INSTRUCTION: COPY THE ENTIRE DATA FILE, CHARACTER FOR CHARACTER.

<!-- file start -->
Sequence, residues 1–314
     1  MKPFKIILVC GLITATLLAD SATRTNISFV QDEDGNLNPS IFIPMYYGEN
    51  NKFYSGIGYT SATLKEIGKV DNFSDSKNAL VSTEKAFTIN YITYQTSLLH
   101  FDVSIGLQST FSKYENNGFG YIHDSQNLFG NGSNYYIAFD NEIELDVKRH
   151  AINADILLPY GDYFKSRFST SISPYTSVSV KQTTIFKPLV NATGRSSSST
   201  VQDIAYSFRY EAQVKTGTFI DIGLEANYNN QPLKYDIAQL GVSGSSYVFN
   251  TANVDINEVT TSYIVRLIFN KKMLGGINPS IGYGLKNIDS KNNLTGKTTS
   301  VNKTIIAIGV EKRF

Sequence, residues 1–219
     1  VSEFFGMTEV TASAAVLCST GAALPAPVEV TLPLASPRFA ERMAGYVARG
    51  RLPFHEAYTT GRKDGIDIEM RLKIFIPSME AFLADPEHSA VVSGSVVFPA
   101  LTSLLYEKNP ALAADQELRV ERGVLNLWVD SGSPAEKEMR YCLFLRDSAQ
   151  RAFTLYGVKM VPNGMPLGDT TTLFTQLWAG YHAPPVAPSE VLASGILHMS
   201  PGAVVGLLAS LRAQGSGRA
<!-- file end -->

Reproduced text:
Sequence, residues 1–314
     1  MKPFKIILVC GLITATLLAD SATRTNISFV QDEDGNLNPS IFIPMYYGEN
    51  NKFYSGIGYT SATLKEIGKV DNFSDSKNAL VSTEKAFTIN YITYQTSLLH
   101  FDVSIGLQST FSKYENNGFG YIHDSQNLFG NGSNYYIAFD NEIELDVKRH
   151  AINADILLPY GDYFKSRFST SISPYTSVSV KQTTIFKPLV NATGRSSSST
   201  VQDIAYSFRY EAQVKTGTFI DIGLEANYNN QPLKYDIAQL GVSGSSYVFN
   251  TANVDINEVT TSYIVRLIFN KKMLGGINPS IGYGLKNIDS KNNLTGKTTS
   301  VNKTIIAIGV EKRF

Sequence, residues 1–219
     1  VSEFFGMTEV TASAAVLCST GAALPAPVEV TLPLASPRFA ERMAGYVARG
    51  RLPFHEAYTT GRKDGIDIEM RLKIFIPSME AFLADPEHSA VVSGSVVFPA
   101  LTSLLYEKNP ALAADQELRV ERGVLNLWVD SGSPAEKEMR YCLFLRDSAQ
   151  RAFTLYGVKM VPNGMPLGDT TTLFTQLWAG YHAPPVAPSE VLASGILHMS
   201  PGAVVGLLAS LRAQGSGRA